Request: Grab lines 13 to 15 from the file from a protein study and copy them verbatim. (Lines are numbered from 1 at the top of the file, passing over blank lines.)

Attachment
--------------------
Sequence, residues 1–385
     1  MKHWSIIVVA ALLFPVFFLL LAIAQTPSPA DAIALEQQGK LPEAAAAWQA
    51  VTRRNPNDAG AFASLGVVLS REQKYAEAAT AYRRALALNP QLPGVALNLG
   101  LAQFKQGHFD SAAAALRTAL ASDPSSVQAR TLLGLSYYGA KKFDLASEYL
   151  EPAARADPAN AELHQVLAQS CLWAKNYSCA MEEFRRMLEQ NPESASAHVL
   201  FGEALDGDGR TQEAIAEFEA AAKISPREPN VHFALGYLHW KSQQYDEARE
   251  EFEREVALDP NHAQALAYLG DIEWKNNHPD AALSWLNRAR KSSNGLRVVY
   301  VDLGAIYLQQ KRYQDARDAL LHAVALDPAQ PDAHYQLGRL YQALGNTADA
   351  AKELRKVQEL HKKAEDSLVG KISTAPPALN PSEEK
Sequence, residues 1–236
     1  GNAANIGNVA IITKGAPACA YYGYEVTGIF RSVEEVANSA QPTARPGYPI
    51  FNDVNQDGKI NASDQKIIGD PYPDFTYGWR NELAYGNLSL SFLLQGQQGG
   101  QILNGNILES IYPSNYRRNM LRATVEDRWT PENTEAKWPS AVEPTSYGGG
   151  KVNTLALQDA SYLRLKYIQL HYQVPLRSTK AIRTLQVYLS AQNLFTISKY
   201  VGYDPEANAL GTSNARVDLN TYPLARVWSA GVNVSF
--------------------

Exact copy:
   101  QILNGNILES IYPSNYRRNM LRATVEDRWT PENTEAKWPS AVEPTSYGGG
   151  KVNTLALQDA SYLRLKYIQL HYQVPLRSTK AIRTLQVYLS AQNLFTISKY
   201  VGYDPEANAL GTSNARVDLN TYPLARVWSA GVNVSF